Defending against criminal charges requires careful consideration and planning. Different scenarios will call for different strategies. One of the most common defense strategies involves challenging the evidence used by the prosecution to build a case against a criminal defendant.
When the state has a lot of evidence against you, you may feel like it’s impossible to prove your innocence. However, there could be issues with the evidence that can help you keep it out of court. There are several ways in which you can push back against the evidence a prosecutor uses against you in a criminal trial. The specifics of your case affect which strategy is best for your situation.
Sometimes, police officers use illegal tactics to gather evidence
In order to build a sound criminal case against someone, the police usually need to collect physical evidence. In order to do so, they may need to gain entry into someone’s home, vehicle or business. Generally speaking, law enforcement officers need to announce themselves when they arrive on private property and present a warrant to gain access to a property without an owner’s permission unless they notice signs of a crime likely in progress.
Unfortunately, some officers will try to sidestep that requirement by entering a property without knocking or announcing themselves. Others may openly and aggressively violate someone’s right to privacy and freedom from unreasonable searches by forcing their way into a home without justification.
Although the courts have occasionally sided with officers who use questionable or potentially illegal tactics to collect evidence, some courts will readily protect defendants by throwing out evidence police gathered without warrants or the consent of the person involved. If you can show you didn’t consent to the search or that police didn’t have a reason to enter or search your property, they may not be able to use the evidence gathered against you in court.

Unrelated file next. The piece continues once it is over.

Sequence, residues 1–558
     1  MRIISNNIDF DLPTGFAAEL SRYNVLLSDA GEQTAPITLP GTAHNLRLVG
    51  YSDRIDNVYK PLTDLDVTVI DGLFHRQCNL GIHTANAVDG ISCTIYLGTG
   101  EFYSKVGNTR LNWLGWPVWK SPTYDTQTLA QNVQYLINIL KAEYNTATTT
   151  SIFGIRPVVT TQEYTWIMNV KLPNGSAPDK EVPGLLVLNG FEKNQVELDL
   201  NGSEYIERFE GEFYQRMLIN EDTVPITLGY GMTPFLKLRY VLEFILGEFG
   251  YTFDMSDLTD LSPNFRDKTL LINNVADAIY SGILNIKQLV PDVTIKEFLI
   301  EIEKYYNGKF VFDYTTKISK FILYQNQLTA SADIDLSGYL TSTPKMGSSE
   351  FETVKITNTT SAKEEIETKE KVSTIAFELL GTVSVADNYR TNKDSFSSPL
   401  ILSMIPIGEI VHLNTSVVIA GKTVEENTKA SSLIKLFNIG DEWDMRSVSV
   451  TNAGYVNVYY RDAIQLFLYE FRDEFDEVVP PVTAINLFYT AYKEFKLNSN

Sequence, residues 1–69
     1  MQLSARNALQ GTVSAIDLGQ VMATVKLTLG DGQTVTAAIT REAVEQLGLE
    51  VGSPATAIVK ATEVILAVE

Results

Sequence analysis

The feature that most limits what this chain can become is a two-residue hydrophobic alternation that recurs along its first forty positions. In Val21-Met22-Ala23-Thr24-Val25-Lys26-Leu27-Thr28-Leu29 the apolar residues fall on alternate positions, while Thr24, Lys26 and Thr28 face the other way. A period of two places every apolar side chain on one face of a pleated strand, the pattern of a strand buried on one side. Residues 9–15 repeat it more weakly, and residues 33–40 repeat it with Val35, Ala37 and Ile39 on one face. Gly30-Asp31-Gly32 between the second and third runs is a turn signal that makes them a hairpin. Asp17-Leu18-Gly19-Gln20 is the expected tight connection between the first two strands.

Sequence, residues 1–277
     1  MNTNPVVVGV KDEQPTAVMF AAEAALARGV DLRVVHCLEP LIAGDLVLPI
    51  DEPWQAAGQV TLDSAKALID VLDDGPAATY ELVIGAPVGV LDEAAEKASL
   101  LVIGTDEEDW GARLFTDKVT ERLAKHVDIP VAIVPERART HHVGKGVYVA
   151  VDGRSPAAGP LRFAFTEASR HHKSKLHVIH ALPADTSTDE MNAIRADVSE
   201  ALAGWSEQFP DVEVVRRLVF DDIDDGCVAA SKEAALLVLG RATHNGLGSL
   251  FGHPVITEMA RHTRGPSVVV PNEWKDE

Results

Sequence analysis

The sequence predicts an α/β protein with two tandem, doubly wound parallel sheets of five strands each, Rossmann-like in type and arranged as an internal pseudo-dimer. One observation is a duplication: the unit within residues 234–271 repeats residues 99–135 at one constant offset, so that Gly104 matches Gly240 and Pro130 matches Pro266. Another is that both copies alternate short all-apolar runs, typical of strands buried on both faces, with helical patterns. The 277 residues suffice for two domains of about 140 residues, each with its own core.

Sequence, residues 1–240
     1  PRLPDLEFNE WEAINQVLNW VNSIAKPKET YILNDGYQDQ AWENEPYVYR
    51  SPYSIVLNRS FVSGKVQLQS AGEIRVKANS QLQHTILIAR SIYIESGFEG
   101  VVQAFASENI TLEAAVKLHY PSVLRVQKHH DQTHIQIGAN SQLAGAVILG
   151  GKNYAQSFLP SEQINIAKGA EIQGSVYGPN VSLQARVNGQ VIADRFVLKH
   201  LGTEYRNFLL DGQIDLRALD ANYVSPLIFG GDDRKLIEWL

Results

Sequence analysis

Sometimes you can challenge the chain of custody for evidence
In order for evidence to help convict someone, it has to be verifiable. Proper collection, labeling and storage are all important to the validity of physical evidence. The potential for contamination at a crime scene is a serious risk. Officers should secure the area and do their best to adhere to forensics rules while gathering evidence at a crime scene.
Once they secure evidence, they must create a log for it and update that documentation anytime somebody accesses, transfers or tests the evidence.
Once they secure evidence, they must create a log for it and update that documentation anytime somebody accesses, transfers or tests the evidence. Gaps in the chain of custody, evidence of contamination during laboratory testing or evidence gathering, and other issues with how the state handles, stores, tests and reviews evidence, can invalidate the evidence and make it easier for you to defend yourself in court.